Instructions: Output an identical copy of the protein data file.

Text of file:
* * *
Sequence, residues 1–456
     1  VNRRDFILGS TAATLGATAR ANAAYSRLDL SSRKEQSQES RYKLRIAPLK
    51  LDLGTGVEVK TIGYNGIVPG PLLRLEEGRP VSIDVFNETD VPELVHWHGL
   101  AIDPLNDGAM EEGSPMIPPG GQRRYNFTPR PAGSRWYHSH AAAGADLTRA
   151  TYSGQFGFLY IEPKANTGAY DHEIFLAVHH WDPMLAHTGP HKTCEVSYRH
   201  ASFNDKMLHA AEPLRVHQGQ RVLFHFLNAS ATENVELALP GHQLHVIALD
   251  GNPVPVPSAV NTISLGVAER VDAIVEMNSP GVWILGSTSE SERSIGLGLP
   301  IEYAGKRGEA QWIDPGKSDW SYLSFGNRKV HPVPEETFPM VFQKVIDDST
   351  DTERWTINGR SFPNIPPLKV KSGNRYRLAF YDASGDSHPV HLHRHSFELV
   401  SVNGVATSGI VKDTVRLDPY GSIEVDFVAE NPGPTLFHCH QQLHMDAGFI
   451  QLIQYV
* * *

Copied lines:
Sequence, residues 1–456
     1  VNRRDFILGS TAATLGATAR ANAAYSRLDL SSRKEQSQES RYKLRIAPLK
    51  LDLGTGVEVK TIGYNGIVPG PLLRLEEGRP VSIDVFNETD VPELVHWHGL
   101  AIDPLNDGAM EEGSPMIPPG GQRRYNFTPR PAGSRWYHSH AAAGADLTRA
   151  TYSGQFGFLY IEPKANTGAY DHEIFLAVHH WDPMLAHTGP HKTCEVSYRH
   201  ASFNDKMLHA AEPLRVHQGQ RVLFHFLNAS ATENVELALP GHQLHVIALD
   251  GNPVPVPSAV NTISLGVAER VDAIVEMNSP GVWILGSTSE SERSIGLGLP
   301  IEYAGKRGEA QWIDPGKSDW SYLSFGNRKV HPVPEETFPM VFQKVIDDST
   351  DTERWTINGR SFPNIPPLKV KSGNRYRLAF YDASGDSHPV HLHRHSFELV
   401  SVNGVATSGI VKDTVRLDPY GSIEVDFVAE NPGPTLFHCH QQLHMDAGFI
   451  QLIQYV